DOCTORS at some hospitals including Mpilo Central Hospital yesterday embarked on a strike defying the Minister of Health Child Care Dr David Parirenyatwa who had warned against taking industrial action.
Before going on strike, the doctors petitioned Government to pay them their locum allowances among other issues.
Dr Mxolisi Ngwenya, the spokesperson for the Zimbabwe Hospital Doctors’ Association, briefly said: “The strike is national.”
However, doctors reported for duty at the United Bulawayo Hospitals yesterday.
On Wednesday, Dr Parirenyatwa said Government was doing its best to address doctors’ grievances hence there was no need for them to go on strike.
The Minister could not be reached on his mobile last night.
In a notice addressed to Mpilo staff, the hospital’s clinical director, Dr Solwayo Ngwenya, advised all members of staff to do all they could to save lives during the strike.
“I hereby advise staff members that doctors have taken industrial action with effect from March 1, 2018. However, we will do all we can to attend to emergencies and continue saving lives,” said Dr Ngwenya.
“We do not condone strikes by doctors and as Mpilo we have taken contingent measures to concentrate on emergencies so that we save lives. I do hope they will suspend the strike quickly while Government addresses their concerns so there is no unnecessary loss of life.”
Yesterday, the doctors handed a letter to Dr Ngwenya, addressed to Dr Parirenyatwa, saying there was lack of urgency in addressing their issues.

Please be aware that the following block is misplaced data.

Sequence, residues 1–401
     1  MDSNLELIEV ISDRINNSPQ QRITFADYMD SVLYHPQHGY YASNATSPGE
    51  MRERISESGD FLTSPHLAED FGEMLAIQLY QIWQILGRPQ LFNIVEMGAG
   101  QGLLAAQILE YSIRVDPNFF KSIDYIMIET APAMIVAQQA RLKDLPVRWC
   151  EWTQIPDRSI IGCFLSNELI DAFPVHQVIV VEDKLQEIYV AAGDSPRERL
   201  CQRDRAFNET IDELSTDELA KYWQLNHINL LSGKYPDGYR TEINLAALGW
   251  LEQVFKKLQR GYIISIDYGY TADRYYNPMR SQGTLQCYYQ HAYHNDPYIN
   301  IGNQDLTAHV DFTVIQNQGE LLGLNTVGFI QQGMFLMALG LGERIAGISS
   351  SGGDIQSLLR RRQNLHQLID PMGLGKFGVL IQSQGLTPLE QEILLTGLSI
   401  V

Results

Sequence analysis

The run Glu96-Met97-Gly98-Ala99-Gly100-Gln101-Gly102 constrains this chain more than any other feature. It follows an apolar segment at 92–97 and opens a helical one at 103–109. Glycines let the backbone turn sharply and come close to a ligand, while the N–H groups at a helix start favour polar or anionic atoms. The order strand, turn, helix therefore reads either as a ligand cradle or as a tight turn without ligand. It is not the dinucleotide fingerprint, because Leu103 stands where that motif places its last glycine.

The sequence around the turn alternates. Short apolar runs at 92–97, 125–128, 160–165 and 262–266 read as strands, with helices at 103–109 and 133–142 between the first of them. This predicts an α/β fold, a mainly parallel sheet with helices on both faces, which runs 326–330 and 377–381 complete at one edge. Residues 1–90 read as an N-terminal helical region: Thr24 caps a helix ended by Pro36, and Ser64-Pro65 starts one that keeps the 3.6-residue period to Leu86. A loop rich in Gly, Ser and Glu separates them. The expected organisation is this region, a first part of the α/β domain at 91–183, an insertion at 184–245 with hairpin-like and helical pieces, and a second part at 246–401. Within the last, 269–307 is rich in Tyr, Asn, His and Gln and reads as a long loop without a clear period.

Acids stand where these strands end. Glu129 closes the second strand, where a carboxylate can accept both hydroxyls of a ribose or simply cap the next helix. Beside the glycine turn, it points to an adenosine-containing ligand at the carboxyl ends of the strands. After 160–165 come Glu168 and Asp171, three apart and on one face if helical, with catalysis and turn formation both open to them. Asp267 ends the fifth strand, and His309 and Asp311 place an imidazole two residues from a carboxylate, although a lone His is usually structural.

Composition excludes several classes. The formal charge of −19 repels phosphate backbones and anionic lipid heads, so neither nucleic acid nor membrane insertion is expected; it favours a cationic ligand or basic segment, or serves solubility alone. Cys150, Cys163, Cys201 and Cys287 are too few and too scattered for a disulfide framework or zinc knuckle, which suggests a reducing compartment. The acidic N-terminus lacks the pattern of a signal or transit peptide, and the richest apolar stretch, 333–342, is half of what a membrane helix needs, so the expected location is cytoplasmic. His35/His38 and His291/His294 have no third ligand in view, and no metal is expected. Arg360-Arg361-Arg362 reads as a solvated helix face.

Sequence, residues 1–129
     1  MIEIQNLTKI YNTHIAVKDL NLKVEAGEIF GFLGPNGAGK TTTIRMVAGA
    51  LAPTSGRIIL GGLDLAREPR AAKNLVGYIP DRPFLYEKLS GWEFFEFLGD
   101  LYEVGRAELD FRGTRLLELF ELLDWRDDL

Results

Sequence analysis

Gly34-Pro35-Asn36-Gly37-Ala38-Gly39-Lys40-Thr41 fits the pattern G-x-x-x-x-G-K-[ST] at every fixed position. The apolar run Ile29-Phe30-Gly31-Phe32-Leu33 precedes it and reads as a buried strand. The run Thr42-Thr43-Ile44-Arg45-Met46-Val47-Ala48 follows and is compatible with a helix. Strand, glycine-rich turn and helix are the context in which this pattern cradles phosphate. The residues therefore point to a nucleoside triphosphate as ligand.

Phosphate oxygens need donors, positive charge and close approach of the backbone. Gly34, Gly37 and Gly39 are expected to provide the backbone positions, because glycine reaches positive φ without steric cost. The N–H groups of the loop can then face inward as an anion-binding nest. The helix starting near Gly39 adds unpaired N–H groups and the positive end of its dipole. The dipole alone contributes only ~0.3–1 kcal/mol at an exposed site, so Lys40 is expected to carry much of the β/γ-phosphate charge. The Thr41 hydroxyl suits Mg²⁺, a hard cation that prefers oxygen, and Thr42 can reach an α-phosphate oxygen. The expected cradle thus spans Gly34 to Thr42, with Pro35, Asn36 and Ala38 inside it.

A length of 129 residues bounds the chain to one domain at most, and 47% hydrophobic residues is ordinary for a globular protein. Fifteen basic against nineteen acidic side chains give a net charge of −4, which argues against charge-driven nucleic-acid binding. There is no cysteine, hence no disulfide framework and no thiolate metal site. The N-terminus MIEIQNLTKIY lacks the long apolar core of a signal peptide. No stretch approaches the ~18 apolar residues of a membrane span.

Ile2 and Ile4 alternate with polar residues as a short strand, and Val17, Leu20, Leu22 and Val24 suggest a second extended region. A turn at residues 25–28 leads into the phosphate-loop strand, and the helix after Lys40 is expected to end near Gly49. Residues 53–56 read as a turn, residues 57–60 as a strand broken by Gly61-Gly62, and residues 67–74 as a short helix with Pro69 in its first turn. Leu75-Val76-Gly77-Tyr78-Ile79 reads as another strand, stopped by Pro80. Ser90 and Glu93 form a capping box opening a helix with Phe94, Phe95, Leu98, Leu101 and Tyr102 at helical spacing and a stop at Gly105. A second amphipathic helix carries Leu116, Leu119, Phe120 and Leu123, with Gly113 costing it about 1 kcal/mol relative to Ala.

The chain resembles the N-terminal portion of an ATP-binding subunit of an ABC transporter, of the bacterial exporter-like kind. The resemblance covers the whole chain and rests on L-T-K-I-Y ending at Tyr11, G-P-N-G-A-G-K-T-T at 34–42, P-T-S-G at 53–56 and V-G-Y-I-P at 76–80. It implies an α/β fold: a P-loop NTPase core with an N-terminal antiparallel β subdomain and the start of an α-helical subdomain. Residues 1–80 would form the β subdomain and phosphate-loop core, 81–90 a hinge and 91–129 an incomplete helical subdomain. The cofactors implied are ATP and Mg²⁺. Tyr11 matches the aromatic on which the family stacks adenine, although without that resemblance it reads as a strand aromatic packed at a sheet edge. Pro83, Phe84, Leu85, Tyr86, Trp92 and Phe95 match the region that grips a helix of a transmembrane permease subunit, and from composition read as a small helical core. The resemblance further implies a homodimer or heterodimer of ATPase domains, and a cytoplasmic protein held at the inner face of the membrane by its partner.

“This serves as a notice that with effect from March 1 we will be unable to discharge our normal duties until such a time the ministry decides to prioritise our people’s health. Our locums remain unpaid since October 2017 and we remain severely understaffed. There are no essential drugs and fluids and patients are dying unnecessarily. There has been no written response from you to address this and no tangible efforts,” read the letter.
“Working hours remain ill-defined and at the whim of the admin and our allowances have not been graded as per regional standards, a concern we raised in our letter dated February 5.”
They also said any timetables made without approval and consultation of the doctors’ association will not be adhered to.
Patients who went to the institution were yesterday told to come back some other time or wait for one doctor who was assigned to cover the Casualty Department.
One patient, Ms Sibusisiwe Dube, who suffers from a brain tumour, told The Chronicle that nurses had asked her to come back next week for a check-up as no doctor could attend to her. “I am coming from Mpilo and I was told that doctors are on strike and that they could not help me. I am in constant pain which requires routine check-ups but I couldn’t have one today because there are no doctors,” said Ms Dube.
An official at Mpilo who spoke on condition of anonymity said there was one doctor who was asked to attend to patients at the Casualty.
Doctors petitioned the Minister on February 5, giving Government 21 days to address a number of grievances that include the issue of allowances, vehicles and shortage of medicines and equipment in hospitals.